Federal Fair Pay & Safe Workplace Regs Issued

The U. S. Department of Labor and the Federal Acquisition Regulation (FAR) Council published final Guidance and Regulations to implement Executive Order 13673, the “Fair Pay and Safe Workplaces” – aka “Blacklisting” or “Bad Actors” – executive order on August 25, 2016. Under these regulations, which are effective October 25, 2016, federal government contractors and subcontractors will be required to report regularly to the government on workplace law “violations” in connection with contract bids and during contract performance. “Violations” is defined to include agency determinations, arbitral awards and civil judgments. The government will use the violations data to determine whether to award future government contracts, cancel existing contractors and potentially demand remedial action to address a pattern of violations.

In addition to the labor violation reporting requirements, the final regulations contain pay transparency requirements and prohibitions on the use of pre-dispute arbitration agreements to resolve Title VII and related tort claims.

It is now critical that all government contractors and subcontractors understand which labor law violations must be reported and how these reporting requirements may impact strategy with respect to investigations, charges, complaints, private lawsuits and arbitration proceedings. For example, an NLRB charge is not reportable but a complaint issued by any Regional Director is reportable. In addition, understanding remediation strategies and agency compliance agreements will be key as agencies will be weighing reported violations against mitigating factors.

Details about the Fair Pay and Safe Workplaces Executive Order Regulations and Guidance

The Executive Orders’ (EO) stated purpose is to ensure government contracts are awarded to employers at which workers “have safe workplaces, receive the family leave they are entitled to, get paid the wages they have earned, and do not face unlawful workplace discrimination.” Historically, federal contracts are only awarded to “responsible contractors.” Until now, the Federal Acquisition Regulations defined a responsible contractor as one having the means to successfully perform the contract and a satisfactory record of integrity and business ethics. The regulations now add an employer’s workplace law compliance record history as a criterion to determine whether an employer is “responsible.”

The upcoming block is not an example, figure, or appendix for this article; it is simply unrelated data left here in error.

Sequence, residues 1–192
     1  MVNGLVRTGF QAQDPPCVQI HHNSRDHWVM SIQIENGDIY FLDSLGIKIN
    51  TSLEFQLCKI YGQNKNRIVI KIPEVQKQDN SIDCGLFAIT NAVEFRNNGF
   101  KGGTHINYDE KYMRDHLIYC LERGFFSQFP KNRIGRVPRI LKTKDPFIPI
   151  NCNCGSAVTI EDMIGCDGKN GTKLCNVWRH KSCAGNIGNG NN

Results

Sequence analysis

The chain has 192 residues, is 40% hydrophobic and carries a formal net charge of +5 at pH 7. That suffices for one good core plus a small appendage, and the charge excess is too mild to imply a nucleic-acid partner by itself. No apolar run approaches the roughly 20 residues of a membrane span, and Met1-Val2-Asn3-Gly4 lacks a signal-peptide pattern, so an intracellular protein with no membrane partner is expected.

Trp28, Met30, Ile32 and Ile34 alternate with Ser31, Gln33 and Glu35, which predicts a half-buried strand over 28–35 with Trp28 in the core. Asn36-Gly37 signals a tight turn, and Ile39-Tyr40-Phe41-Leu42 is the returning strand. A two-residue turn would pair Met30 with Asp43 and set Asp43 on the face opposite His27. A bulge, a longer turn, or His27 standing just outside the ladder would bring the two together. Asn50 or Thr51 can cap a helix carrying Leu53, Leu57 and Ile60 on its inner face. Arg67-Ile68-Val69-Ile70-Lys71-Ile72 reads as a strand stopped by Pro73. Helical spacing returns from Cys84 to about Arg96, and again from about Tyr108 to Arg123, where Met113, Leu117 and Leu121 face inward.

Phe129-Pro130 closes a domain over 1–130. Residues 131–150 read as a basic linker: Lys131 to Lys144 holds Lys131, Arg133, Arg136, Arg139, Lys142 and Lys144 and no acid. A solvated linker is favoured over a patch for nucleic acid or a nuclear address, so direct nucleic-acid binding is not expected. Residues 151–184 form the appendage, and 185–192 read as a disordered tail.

The EO and today’s regulations and guidance set forth procedures for federal agency contracting officers to consider an employer’s record of workplace law compliance when awarding contracts and subcontracts valued at more than $500,000. The workplace laws on which employers will need to report are:

  • Fair Labor Standards Act
  • Occupational Safety and Health Act (and state law equivalents)
  • National Labor Relations Act
  • Family and Medical Leave Act
  • Davis-Bacon Act
  • Service Contract Act
  • Migrant and Seasonal Agricultural Worker Protection Act
  • Title VII of the Civil Rights Act
  • Americans with Disabilities Act
  • Age Discrimination in Employment Act
  • Executive Order 11246 (affirmative action and equal employment opportunity)
  • Vietnam Era Veterans’ Readjustment Assistance Act
  • Section 503 of the Rehabilitation Act
  • Executive Order 13658 (federal contractor minimum wage)

The guidance and regulations require:

  • Regular reporting beginning October 25, 2016 by contractors of workplace law violations received within the first year preceding the start of a contract bids (which will be phased in to a three year look back period by October 25, 2018) , and updated disclosures every six months thereafter for the duration of the contract,
  • Subcontractor reporting beginning October 25, 2017 with reports made directly to DOL and reporting back to prime contractor on results of disclosures
  • An assessment by contracting officers and designated “Labor Compliance Advisors” of the disclosures to determine whether the contractor has engaged in “serious, willful, repeated, and/or pervasive violations”,
  • Based on that assessment, potential denial of new contracts, cancellation of existing contracts or demand for remedial action to address the violations, and,
  • A prohibition on mandatory pre-dispute arbitration agreements to resolve Title VII and related tort claims (for contracts $1,000,000 or more).
  • Pay transparency (hours worked, overtime hours (for non-exempt employees) by workweek and totaled for pay period, pay, deductions, identifying exempt employees and independent contractors);

The final regulations raise significant concerns for contractors, including:

  • The administrative burden associated with collecting, reviewing, synthesizing and reporting on this information,
  • A potential lack of due process as result of agency contracting officers and Labor Compliance Advisors to review violation data provided by employers (which will include "interim" findings subject to appeal, review, and possible reversal) to award, and deny, new contracts, or cancel existing contracts),
  • The requirement to disclose arbitral decisions even if the proceedings were private or confidential, and
  • For contracts in excess of $1 million prohibition on mandatory pre-dispute arbitration agreements to resolve claims arising under Title VII, or any tort related to or arising out of sexual assault or harassment.

This article was provided by and presented here with the permission of the law firm Jackson Lewis P.C. For more information, visit: